Last week, at the launch of the Washington Center for Equitable Growth, John Podesta, founder and chair of the Center for American Progress and former chief of staff to Bill Clinton, weighed in on the effect of growing inequality on the fabric of American life. From the bimah of the “I” Street synagogue, a cornerstone of the Capitol’s civic life for 200 years, he noted that the income distribution in the United States resembled that of El Salvador, and warned of the ill effects of current economic policy. “These trends aren’t abstractions,” he said.
Although the panels were riveting . . . Read full article →
Last week, Common Sense Media, a nonprofit organization in San Francisco, released Zero to Eight: Children’s Media Use in America 2013. The latest crop of “digital citizens” are taking to screens with a vengeance. Ownership of tablet devices has increased fivefold, from 8 to 40 percent, since the last report, just two years ago. During that same period, the percentage of children with access to some type of “smart” mobile device leapt from 52 to 75 percent; mobile media usage almost doubled, coming in at a whopping 72 percent. But most stunning is the revelation about the . . . Read full article →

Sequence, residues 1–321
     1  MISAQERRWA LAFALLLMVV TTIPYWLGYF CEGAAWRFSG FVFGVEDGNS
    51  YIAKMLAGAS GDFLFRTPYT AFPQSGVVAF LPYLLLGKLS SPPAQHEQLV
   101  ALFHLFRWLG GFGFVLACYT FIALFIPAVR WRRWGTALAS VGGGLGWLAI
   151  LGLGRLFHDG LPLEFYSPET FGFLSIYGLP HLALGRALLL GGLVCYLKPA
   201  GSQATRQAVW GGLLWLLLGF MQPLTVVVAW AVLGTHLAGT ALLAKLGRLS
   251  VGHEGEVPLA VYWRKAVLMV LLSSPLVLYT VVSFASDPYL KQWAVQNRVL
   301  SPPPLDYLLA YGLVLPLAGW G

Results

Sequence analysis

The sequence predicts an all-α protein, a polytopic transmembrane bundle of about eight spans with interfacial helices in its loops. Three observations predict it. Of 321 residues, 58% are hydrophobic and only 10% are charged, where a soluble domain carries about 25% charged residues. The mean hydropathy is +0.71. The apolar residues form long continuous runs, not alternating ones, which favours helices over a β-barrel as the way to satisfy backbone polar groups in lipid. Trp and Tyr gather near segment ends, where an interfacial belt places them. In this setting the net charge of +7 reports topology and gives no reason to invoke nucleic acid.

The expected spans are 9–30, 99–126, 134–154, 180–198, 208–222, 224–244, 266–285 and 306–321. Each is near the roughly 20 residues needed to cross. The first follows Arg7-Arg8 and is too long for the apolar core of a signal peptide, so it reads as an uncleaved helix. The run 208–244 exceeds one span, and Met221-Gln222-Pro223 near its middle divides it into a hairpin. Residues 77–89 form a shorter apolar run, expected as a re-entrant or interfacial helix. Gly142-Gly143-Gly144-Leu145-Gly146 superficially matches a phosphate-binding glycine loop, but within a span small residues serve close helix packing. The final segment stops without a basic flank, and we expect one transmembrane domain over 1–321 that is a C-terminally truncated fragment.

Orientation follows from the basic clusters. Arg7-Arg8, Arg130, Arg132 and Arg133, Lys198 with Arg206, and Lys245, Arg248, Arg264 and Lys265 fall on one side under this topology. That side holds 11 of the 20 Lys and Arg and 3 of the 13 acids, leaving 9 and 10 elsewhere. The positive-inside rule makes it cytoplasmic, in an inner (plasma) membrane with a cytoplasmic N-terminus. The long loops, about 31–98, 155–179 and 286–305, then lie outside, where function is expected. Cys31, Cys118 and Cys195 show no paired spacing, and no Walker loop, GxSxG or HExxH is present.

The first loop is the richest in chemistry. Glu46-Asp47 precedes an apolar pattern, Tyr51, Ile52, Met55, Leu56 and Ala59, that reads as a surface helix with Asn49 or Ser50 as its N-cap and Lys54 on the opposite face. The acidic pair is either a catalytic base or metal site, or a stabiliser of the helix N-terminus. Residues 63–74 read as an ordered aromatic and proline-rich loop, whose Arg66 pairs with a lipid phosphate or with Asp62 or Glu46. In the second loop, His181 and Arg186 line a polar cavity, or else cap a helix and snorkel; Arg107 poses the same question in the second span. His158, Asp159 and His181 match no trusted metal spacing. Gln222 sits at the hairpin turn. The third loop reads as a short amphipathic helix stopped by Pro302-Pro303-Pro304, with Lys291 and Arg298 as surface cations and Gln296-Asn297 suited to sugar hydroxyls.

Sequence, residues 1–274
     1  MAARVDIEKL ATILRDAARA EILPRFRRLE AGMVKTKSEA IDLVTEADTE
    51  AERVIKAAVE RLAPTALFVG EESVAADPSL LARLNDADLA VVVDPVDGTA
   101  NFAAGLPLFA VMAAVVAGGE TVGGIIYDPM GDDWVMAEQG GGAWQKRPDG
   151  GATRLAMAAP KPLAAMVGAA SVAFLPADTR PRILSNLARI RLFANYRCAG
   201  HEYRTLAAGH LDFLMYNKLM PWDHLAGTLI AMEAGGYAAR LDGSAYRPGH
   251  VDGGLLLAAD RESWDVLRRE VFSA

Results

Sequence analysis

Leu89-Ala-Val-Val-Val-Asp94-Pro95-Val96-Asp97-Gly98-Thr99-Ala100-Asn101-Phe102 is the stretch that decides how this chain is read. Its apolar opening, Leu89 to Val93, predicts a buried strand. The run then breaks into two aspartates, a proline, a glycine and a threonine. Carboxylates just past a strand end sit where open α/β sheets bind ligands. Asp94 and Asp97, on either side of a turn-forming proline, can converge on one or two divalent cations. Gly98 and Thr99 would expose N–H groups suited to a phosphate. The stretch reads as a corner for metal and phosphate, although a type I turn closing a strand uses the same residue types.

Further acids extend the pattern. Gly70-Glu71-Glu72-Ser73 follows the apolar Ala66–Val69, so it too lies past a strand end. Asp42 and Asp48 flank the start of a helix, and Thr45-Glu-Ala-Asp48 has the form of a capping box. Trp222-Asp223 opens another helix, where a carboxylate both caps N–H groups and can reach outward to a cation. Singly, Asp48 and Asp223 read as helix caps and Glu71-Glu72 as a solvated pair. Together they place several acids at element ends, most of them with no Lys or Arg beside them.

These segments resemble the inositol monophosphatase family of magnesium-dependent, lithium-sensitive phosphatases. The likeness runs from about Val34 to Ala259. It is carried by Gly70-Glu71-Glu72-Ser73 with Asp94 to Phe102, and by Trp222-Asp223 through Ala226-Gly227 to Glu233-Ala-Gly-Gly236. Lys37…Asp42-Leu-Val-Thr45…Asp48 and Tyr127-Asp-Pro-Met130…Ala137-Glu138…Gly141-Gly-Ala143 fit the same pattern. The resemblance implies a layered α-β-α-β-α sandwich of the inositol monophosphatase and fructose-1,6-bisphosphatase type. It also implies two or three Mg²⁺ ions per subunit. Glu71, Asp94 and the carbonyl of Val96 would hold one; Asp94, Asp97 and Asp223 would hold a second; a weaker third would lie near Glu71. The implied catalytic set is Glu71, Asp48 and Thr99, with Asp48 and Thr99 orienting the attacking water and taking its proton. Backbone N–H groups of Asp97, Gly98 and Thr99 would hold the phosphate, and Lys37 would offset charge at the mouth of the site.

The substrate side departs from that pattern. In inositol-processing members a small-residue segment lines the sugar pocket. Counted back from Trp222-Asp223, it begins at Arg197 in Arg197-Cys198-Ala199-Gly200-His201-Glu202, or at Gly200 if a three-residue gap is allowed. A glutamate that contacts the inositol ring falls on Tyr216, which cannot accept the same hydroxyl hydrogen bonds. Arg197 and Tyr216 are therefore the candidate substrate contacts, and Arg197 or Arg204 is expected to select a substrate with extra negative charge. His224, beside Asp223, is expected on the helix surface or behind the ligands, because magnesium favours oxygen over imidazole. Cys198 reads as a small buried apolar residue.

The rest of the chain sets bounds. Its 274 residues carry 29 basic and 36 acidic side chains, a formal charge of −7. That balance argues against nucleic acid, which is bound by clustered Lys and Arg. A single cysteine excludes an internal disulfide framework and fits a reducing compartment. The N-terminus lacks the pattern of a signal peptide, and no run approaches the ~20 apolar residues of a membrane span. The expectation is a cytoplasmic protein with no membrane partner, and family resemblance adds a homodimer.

The United States likes to think of itself as enlightened. We do a nice job of talking the talk when it comes to children. But we’re hopelessly lost on the walk. Our cognitive dissonance is acute, our sins of omission numerous.
For starters, we’re the only nation, besides Somalia, that hasn’t gotten around to ratifying the Convention on the Rights of the Child. Adopted by the U.N. General Assembly in November of 1989, it is “the first international treaty”—as Amnesty International points out, in boldface, on its web site—“to guarantee civil and political rights as well as economic, . . . Read full article →